I am looking for a cross platform gui library that can be used to create dialog boxes, that must fit the following requirements:

  1. Be written in C or C++.

  2. Be compatible with at least Windows, Mac and Linux.

  3. Be relatively mature.

  4. Be under a license that does not require Copyright text in the documentation of derivative works distributed in compiled form. Examples of good licenses would be the Zlib/libpng license, the Boost software license and of course public domain. Unusable licenses include LGPL, BSD, MIT etc.

Does anyone have any tips?

Kind regards,

Philip Bennefall

  • See this one: stackoverflow.com/questions/5248105/… – Morten Kristensen Jun 19 '11 at 15:15
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    You're ignoring the wealth of BSD- and MIT-licensed code because you don't want to have to compile in a plain text copyright notice? All they ask is that you give credit where credit is due, but it sounds like you want to use the work of others while claiming it is your own. – Bryan Oakley Jun 19 '11 at 15:24
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    Why are you against distributing license/copyright texts? Aren't those just text files anyway? – rubenvb Jun 19 '11 at 15:34
  • I am not sure if my previous attempt to answer the questions here went through so am trying again. My intention is certainly not to try and claim the work of others as my own. I mostly write middleware, which means that my end users would have to include a boatload of legal text in their final applications just because I use certain components internally. I definitely give credit where credit is due (e.g. in the documentation for my own software), but I don't want to force end users of my middleware to include tons of disclaimers and Copyright terms just because of what I use internally. – Philip Bennefall Jun 19 '11 at 16:16
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    IANAL, but it was always my assumption that BSD and MIT were not viral. That is, if you use BSD or MIT code in your code, you must acknowledge that, but if you make a derivative work, those that use your product don't necessarily have to carry that forward. All I know for certain is that all software licenses are hard to fully understand. My personal motto is to avoid anything even loosely tied to GPL, just as their are those with the opinion one should avoid anything not tied to the GPL. – Bryan Oakley Jun 19 '11 at 16:25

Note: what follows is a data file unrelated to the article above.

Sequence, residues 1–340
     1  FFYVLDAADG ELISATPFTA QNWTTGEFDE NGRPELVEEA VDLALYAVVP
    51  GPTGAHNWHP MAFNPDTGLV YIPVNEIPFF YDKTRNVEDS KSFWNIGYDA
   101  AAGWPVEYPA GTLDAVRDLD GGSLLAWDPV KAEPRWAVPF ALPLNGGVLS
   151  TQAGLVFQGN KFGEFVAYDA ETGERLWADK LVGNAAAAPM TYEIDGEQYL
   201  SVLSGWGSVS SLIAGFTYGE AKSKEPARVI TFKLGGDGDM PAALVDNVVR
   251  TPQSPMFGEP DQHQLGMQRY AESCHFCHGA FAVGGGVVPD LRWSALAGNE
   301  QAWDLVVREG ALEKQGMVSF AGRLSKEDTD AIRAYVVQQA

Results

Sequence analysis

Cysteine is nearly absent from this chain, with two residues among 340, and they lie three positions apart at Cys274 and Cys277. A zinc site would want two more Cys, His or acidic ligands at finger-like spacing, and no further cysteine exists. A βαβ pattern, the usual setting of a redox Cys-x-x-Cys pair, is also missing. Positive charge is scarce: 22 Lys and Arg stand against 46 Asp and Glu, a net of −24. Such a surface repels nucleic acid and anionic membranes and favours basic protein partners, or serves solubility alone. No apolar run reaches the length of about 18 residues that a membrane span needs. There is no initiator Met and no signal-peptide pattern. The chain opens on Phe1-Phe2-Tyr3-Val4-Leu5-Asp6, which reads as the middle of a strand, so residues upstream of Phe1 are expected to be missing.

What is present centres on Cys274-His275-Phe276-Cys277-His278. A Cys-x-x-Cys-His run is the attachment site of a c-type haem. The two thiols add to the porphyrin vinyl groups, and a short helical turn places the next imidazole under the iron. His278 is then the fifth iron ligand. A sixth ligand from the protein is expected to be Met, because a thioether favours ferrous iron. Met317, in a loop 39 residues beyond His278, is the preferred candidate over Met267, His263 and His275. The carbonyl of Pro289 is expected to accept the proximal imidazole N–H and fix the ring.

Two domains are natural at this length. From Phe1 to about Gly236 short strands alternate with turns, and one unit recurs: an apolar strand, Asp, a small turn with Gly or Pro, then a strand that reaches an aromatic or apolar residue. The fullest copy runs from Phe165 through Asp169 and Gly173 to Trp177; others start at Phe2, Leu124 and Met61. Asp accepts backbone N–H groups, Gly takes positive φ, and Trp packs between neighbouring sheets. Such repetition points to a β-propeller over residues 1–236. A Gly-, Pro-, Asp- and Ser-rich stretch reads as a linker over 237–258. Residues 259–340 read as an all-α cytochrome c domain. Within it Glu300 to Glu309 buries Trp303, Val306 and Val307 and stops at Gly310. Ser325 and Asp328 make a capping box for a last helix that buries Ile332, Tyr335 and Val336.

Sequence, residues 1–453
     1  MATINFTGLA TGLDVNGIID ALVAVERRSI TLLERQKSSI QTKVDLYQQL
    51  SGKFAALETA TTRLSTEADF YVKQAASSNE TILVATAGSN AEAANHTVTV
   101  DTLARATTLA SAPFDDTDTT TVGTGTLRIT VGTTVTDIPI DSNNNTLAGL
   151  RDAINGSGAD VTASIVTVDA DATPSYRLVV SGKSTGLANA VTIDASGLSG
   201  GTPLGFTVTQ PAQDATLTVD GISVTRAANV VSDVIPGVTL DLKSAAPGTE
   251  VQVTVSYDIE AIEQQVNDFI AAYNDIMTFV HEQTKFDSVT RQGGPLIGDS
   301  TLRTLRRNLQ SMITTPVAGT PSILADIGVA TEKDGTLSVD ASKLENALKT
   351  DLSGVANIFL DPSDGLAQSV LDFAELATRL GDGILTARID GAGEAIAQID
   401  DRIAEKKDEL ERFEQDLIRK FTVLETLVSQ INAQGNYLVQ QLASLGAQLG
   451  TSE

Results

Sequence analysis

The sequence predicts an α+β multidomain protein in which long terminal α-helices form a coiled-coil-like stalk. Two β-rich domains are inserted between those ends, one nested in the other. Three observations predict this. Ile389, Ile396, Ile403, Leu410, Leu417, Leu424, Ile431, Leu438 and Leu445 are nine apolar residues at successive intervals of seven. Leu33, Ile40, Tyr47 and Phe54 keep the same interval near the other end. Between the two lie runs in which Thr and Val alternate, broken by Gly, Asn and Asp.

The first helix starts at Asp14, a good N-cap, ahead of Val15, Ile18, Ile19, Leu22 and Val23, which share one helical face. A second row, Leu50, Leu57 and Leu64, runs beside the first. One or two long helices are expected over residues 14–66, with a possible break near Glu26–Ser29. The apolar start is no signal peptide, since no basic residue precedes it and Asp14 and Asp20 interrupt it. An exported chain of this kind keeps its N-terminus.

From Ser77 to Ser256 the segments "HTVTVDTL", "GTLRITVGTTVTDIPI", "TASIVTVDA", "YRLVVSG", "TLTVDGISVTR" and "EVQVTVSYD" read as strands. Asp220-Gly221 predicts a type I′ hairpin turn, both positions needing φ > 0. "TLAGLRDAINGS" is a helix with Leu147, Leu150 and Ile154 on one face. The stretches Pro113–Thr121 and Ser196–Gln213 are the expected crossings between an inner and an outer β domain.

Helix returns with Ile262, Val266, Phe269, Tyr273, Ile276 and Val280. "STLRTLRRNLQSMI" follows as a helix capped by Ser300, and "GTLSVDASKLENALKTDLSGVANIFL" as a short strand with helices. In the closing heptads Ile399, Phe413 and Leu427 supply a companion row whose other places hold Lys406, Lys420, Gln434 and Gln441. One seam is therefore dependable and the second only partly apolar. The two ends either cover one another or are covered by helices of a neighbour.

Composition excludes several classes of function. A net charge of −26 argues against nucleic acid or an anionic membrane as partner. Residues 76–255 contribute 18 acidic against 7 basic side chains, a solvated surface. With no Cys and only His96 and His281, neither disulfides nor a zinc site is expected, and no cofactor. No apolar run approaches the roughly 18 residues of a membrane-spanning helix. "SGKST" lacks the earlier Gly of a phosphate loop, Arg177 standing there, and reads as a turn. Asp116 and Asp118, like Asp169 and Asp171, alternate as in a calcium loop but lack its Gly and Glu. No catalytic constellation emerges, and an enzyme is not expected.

I'd go with wxwidgets. According to the license it it essentially LGPL with the following exception that applies to your question:

  1. The exception is that you may use, copy, link, modify and distribute under your own terms, binary object code versions of works based on the Library.
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    wxwidgets license is "essentially the L-GPL (Library General Public Licence)" which requires that you "conspicuously and appropriately publish on each copy an appropriate copyright notice". The question specifically excludes any license that requires you provide copyright text. – Bryan Oakley Jun 19 '11 at 15:28
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    .."with an exception stating that derived works in binary form may be distributed on the user's own terms." – JoeSlav Jun 19 '11 at 15:31
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    Only one I know of that lets you distribute apps without a copyright notice or accompanying license text. – rubenvb Jun 19 '11 at 15:35
  • Ah, I was not aware of this. This is great news, as WxWidgets is extremely well known and has a huge user base. Thanks! – Philip Bennefall Jun 19 '11 at 16:18

How about the Fast Light Toolkit (FLTK)?

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  • Requires a one-liner acknowledgement. I hope that's short enough for OP. – syockit Feb 14 '17 at 2:20

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